A pharmaceutical sales representative visits doctors of varying ability to prescribe medicine to their patients. A TV commercial covers a region where few people need the advertised drug. A hospital specializing in rare cancer treatments wants to consider a newly approved therapeutic product, but the life sciences company has yet to commit to them. Wasted commercial costs and missed opportunities prevent life sciences companies from reaching their full business potential. How do these abuses still happen and how can companies deal with them?
Explore merchant spending habits
For decades, companies in the life sciences industry have invested their sales, marketing and advertising budgets evenly across US geographies and channels. They struggle to optimally reach healthcare providers and patients. They spend too much just to maintain the status quo, missing out on dozens of unseen opportunities. Instead, companies should target and invest strategically in geographies and channels with the highest potential returns.
For example, many pharmaceutical companies still invest a high percentage of their total budget in sales and marketing initiatives in geographies where their brands do not have a significant market access position. Additionally, significant investments are being made in regions dominated by integrated delivery networks (IDNs) such as Intermountain Health, Kaiser Permanente, and Advocate. These organizations have a decision-making structure led by their internal pharmacy and therapy (P&T) committee—not individual healthcare providers (HCPs)—that determines whether a brand can be administered. It is therefore imperative that Marketing, Sales and Market Access coordinate in tandem with their Center of Excellence (CoE) support teams such as Commercial Operations and Analytics, Forecasting, Finance and Contracting to most effectively deploy promotional dollars.
Use data and AI to optimize costs
Life science companies have a significant amount of data at their disposal, more than enough to drive optimal commercial investment. But data is complex, messy, and decentralized, and it comes in many shapes and sizes. Some examples of this data include:
- Third Party Data: IQVIA (Xponent Plantrak, DDD, HCOS), PRA, Nielsen Advertising and Media Data, Social Determinants of Health (SDOH), Fingertip Formulary, Copayment, Claims Data
- Government data: TRICARE, CMOP, TMOP, FSS, VA
- Internal promotional data: details, samples, speaker program, multi-channel promotions
To make sure all that data is usable, companies need data analysts to design and engineer the data, business rules, and assumptions.
With the right combination of integrated data, understanding historical performance and deploying AI to gain forward-looking insight, the life sciences industry can make much better decisions to secure contracts with key payers and determine which promotional channels are most effective for each geographic area region. Differentiated use of promotional channels such as peer-to-peer, sales rep visits, teledetails and digital libraries will ultimately lead to optimal sales spend across channels and geographies.
This idea is easy to understand: Use the data to understand how best to allocate investments and resources, such as brand marketing and sales distribution. But because data is so diverse, its value isn’t always immediately clear. It takes focused effort and expertise to clean, categorize and connect this data effectively.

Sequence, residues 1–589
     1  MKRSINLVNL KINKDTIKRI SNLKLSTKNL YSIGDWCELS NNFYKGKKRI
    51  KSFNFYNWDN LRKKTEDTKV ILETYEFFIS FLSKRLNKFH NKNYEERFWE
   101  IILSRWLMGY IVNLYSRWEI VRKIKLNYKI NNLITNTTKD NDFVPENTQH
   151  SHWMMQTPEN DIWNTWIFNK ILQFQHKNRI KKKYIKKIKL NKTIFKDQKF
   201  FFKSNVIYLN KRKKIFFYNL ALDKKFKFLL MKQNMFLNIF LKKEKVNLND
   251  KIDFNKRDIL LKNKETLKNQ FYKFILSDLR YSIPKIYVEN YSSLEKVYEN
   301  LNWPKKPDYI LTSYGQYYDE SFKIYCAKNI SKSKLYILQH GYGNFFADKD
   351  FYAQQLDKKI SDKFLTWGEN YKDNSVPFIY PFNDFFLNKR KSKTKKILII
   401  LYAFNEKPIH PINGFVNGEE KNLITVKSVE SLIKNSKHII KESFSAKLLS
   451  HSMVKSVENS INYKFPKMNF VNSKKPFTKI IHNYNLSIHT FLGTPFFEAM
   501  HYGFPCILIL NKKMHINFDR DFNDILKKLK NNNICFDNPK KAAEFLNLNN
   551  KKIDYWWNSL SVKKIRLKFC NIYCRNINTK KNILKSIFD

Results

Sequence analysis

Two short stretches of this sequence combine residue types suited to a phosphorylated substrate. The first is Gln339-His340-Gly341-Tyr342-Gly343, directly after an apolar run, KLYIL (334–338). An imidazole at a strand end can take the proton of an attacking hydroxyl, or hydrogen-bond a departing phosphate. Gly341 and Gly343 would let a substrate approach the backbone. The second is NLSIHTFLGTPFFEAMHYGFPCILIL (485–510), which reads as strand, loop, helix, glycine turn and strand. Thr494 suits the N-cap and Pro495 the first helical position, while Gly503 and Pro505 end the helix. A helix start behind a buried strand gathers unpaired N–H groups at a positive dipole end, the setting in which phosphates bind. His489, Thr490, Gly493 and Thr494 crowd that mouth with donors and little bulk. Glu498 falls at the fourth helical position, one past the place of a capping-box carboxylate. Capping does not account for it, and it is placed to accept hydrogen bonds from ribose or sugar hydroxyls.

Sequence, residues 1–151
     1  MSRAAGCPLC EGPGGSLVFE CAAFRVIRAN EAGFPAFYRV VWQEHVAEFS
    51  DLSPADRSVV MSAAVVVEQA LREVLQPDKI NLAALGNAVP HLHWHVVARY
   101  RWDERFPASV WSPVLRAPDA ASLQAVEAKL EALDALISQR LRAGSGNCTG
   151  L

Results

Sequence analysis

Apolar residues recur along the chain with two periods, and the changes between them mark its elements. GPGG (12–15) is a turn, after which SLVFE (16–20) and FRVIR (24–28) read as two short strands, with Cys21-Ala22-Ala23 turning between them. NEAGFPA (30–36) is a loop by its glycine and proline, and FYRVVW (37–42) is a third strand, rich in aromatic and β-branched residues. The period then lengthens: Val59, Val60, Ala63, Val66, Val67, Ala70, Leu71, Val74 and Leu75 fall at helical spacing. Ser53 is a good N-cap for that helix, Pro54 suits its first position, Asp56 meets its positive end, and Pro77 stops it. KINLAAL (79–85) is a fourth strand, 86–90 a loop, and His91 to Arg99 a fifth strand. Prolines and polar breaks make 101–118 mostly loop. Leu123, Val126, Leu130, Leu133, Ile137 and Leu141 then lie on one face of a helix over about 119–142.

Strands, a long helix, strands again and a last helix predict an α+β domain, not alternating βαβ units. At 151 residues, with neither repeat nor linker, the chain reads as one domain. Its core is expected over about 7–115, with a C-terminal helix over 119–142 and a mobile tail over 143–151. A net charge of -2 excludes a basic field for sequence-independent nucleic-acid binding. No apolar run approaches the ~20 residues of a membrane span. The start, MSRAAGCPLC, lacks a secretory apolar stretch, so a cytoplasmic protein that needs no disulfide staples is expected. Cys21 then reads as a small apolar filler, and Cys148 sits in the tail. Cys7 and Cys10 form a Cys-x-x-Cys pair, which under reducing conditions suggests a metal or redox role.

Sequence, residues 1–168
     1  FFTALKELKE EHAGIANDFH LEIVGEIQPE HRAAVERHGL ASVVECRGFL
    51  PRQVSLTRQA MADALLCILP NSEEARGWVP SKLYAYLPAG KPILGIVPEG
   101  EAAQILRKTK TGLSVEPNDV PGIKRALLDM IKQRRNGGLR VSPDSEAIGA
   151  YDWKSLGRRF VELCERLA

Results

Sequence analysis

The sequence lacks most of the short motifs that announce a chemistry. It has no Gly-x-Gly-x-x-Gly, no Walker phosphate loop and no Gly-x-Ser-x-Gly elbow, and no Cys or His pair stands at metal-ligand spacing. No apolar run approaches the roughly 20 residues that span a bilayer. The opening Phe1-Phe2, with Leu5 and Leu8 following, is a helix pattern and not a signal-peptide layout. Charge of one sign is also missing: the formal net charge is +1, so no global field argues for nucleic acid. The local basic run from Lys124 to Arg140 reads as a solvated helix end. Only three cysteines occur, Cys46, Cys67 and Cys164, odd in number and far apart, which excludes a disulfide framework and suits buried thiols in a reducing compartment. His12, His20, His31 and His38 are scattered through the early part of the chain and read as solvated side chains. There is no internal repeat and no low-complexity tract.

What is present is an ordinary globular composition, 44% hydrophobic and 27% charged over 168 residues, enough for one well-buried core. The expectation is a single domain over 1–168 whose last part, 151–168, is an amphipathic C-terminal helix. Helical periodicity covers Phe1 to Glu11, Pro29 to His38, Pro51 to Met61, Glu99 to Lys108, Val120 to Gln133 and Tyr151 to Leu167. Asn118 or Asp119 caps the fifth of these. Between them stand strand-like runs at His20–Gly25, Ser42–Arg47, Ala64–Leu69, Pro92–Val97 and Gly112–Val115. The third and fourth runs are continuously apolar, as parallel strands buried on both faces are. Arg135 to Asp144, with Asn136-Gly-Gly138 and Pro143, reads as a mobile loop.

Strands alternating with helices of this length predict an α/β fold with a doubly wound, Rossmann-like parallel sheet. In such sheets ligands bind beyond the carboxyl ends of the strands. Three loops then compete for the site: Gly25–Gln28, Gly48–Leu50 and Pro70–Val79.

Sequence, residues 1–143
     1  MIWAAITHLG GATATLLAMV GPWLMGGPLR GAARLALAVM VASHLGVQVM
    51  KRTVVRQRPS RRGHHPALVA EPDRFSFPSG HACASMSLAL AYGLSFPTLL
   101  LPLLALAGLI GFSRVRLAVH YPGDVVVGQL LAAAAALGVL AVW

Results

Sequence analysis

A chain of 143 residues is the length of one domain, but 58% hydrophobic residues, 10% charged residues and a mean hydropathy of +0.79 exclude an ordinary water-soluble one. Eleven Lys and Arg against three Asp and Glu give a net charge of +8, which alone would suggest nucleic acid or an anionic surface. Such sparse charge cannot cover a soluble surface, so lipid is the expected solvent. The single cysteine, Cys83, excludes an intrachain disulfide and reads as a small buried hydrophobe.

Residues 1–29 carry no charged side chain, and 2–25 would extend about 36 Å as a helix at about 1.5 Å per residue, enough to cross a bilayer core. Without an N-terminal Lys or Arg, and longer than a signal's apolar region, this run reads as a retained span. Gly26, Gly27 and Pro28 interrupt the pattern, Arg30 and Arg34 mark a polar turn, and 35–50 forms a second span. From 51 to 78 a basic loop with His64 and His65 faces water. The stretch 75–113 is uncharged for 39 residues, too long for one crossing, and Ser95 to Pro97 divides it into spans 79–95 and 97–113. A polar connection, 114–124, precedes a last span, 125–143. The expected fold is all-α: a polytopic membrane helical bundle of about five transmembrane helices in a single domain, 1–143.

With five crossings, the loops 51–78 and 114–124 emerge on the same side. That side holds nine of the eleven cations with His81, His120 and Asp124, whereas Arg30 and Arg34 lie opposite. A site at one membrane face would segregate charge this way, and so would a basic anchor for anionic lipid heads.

Managing and using this data becomes much easier with a data grid. Instead of laboriously pulling all of their data into a centralized location, life sciences companies can tie disparate elements together by leveraging that data wherever it resides in the customer ecosystem. In particular, the use of a data structure in the hybrid cloud will allow companies to bring together complex and diverse commercial data sets. After bringing the elements together, companies can analyze and compare data by geographic region, promotional spend, and discount to provide historical performance and cause-and-effect information.
By leveraging AI and machine learning-driven insights and pathways into revenue and profitability across channels, we can best predict optimal commercial growth. Brand leaders can then prioritize investments across the various promotional and payer and provider channels for each geographic region, ensuring that their therapies and drugs find their way to markets for patients who need them most. AI technology can optimize for differences in patients’ socioeconomic needs, allowing life sciences companies to target areas with pricing that matches geography.
Optimizing trade spend by geography informs brand, therapeutic and company strategy
…you can look up which geographic and brand mix is driving the most profitable growth?
…have an omnichannel view of which promotions are most effective in each geography?
…have a framework that helps align all key organizational commercial stakeholders on brand, portfolio and strategic execution to grow your business?
Want to know how you can combo an ability like this? Contact us today. We can help you create trading insights that learn and adapt – helping you optimize your trading spend and maximize your profitability.
Gautam Nagabhushana, Partner, Data and Technology Transformation – Healthcare, Public Markets
Ric Cavieres, Partner, IBM Consulting – Life Sciences Commercial Practice, Head of Quantum Computing